Why is it important to alert the patient during vestibular testing?
Accurate measurement of the Vestibular-ocular reflex (VOR) is essential to diagnosing and managing neuro-vestibular disorders. Alerting the patient can seem counterintuitive since we are measuring a reflex and not something the patient is actively engaged in. This may be why some clinicians believe alerting is not always necessary when testing for vestibular nystagmus. Vestibular nystagmus is significantly suppressed at a cortical level, and this will ultimately affect interpretation measuring a significantly reduced nystagmus and, in the worst cases resulting in a missed diagnosis.
Nystagmus generated from the vestibular system has two components. A slow component (think eye drift) is generated from the vestibular system and brainstem. Secondly, a fast component is generated from a higher cortical level in which the eye makes a saccadic movement back towards the center, which is the VOR's primary function to stabilize vision. Continuous stimulation at the cortical level by alerting maintains the generation of the fast phase component of nystagmus and, therefore, accurate measurements during testing.
Which Tests should Clinician Alert the Patient?
Any Vestibular Tests that are performed in the absence of vision.
- Spontaneous nystagmus measurements;
- Vision Denied Gaze Tests;
- Head Shake, Head Heave, Ocular Counter Roll;
- Mastoid Vibration Test;
- Rotational Chair Testing;
- Positioning Tests for BPPV if clear nystagmus is not visible.
How to Alert the Patient?
Evidence shows that the task needs to be moderately tricky; otherwise, the alerting is not as effective as it should be, and what is difficult for some patients will not be difficult for others. It is also dependent on the type of test being undertaken. For example, a patient doing a vision-denied gaze test will need a more complex alerting task than a patient during a caloric test. Having a good repertoire of tasks available so the clinician can quickly switch once the task becomes too easy, complex, or redundant is a must.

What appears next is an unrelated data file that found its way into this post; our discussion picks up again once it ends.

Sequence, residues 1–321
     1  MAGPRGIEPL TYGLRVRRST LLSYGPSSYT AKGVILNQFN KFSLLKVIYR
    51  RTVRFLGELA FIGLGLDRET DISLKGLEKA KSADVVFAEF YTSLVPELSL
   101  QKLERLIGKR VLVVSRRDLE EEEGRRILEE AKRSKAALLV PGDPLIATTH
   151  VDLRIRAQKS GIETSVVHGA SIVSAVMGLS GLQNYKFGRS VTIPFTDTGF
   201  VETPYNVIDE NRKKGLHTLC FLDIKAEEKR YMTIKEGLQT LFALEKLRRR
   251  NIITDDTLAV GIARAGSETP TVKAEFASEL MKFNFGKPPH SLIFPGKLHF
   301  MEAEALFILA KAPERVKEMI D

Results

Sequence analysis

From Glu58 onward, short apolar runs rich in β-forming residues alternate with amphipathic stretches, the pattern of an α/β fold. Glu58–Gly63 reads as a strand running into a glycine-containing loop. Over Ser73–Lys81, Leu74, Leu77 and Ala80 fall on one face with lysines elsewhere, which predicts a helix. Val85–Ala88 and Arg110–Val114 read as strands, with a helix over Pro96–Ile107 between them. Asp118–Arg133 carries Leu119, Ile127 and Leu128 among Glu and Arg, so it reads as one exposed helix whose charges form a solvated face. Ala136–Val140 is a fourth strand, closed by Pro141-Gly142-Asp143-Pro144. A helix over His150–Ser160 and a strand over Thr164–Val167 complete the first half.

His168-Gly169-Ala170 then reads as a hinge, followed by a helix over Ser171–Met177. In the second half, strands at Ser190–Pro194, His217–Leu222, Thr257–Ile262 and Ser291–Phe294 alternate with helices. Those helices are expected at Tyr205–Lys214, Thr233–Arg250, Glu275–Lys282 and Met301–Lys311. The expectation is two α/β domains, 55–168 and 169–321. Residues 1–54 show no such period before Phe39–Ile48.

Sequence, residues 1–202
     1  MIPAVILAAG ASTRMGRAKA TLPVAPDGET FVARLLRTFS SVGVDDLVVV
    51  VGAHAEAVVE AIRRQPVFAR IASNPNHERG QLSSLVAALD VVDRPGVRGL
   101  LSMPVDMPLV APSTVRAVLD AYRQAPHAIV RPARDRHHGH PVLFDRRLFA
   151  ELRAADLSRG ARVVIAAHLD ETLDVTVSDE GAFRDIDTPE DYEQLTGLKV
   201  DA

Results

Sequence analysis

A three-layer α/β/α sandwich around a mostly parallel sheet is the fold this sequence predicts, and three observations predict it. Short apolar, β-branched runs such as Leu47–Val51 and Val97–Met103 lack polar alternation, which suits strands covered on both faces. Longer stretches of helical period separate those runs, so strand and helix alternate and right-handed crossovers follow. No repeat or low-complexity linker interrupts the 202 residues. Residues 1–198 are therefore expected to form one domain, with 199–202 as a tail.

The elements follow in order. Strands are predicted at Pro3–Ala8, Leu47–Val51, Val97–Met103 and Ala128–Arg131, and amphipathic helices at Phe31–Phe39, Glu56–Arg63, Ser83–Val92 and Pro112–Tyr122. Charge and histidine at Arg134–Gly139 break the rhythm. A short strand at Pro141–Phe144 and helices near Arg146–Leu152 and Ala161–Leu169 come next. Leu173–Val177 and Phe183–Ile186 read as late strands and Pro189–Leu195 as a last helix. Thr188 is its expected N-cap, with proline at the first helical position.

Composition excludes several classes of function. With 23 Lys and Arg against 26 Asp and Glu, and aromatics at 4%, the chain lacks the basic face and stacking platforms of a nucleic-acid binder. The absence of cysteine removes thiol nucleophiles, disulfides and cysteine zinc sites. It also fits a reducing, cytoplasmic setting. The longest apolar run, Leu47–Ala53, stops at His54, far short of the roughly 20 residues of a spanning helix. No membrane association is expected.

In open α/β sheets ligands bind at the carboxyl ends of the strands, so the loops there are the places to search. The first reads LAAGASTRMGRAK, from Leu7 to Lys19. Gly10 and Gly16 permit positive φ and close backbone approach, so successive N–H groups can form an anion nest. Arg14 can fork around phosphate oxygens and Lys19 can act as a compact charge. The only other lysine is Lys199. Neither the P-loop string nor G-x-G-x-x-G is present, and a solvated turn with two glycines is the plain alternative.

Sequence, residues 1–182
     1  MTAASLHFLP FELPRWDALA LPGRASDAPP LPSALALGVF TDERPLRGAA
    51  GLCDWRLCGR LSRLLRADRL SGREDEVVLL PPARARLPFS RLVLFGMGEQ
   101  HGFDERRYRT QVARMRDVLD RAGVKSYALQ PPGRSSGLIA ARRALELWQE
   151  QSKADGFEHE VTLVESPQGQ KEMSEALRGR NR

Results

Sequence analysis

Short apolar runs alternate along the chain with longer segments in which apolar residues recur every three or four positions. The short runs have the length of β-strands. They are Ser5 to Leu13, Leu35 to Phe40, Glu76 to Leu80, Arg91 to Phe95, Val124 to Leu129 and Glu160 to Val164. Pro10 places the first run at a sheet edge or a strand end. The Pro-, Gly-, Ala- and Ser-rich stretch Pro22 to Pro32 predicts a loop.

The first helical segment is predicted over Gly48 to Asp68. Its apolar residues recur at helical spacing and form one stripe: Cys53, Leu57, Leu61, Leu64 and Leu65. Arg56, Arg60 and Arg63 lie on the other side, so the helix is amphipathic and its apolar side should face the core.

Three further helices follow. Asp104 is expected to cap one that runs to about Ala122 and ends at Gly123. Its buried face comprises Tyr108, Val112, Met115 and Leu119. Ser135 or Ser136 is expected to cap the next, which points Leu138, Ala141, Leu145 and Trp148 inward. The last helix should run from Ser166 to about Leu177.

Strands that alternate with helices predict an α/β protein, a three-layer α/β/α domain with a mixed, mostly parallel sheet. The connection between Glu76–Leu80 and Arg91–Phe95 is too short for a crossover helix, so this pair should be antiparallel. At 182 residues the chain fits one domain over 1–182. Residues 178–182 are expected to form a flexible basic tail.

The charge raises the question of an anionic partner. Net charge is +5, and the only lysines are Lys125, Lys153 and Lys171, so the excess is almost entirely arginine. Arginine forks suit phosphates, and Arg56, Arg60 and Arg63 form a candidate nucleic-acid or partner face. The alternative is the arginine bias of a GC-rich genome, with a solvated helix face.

Clinicians should be mindful of anxiety-inducing tasks, as anxiety can lead to artefactual eye movements affecting the VNG results. For example, unnecessarily complicated maths tasks ("count backward from 200 in 13s") are not comfortable tasks for many of the population. Additionally, the less anxious the patient is during specific tests such as the caloric, the less likely they are to suffer emesis.
A further tip is to find out what interests the patient. Do they like to cook? Or do they take a particular interest in cars/animals/sports? A topic of interest could be easily integrated into mental alerting tasks.
- Boys/Girls names that begin with the letter "D." (As soon as the patient struggles to think, change the letter);
- Animals from different continents;
- Breeds of dogs beginning with different letters;
- Street names from their local area;
- Reciting their favorite recipe;
- Naming family members in age order.
Sometimes, it may be necessary to task patients non-verbally, for example, if there is a language or communication barrier. Makowiec et al. (2021) found no significant difference between verbal and non-verbal alerting tasks on the rotary chair and caloric testing. The task they used was a braiding task. At the Hypatia clinic, we ask the patient to mold different shapes with plasticine.
To conclude, alerting tasks should be utilized appropriately throughout the vestibular test battery, and several factors should be considered when deciding how to task the patient. Effective tasking will lead to clearer, more accurate vestibular nystagmus measurements and more straightforward laboratory test interpretation.
Makowiec, K., Smith, K., Deeb, A., Bennett, E., & Sis, J. (2021). Influence of tasking during vestibular testing. American Journal of Audiology, 30(3), 755-760.
Resources for More Information
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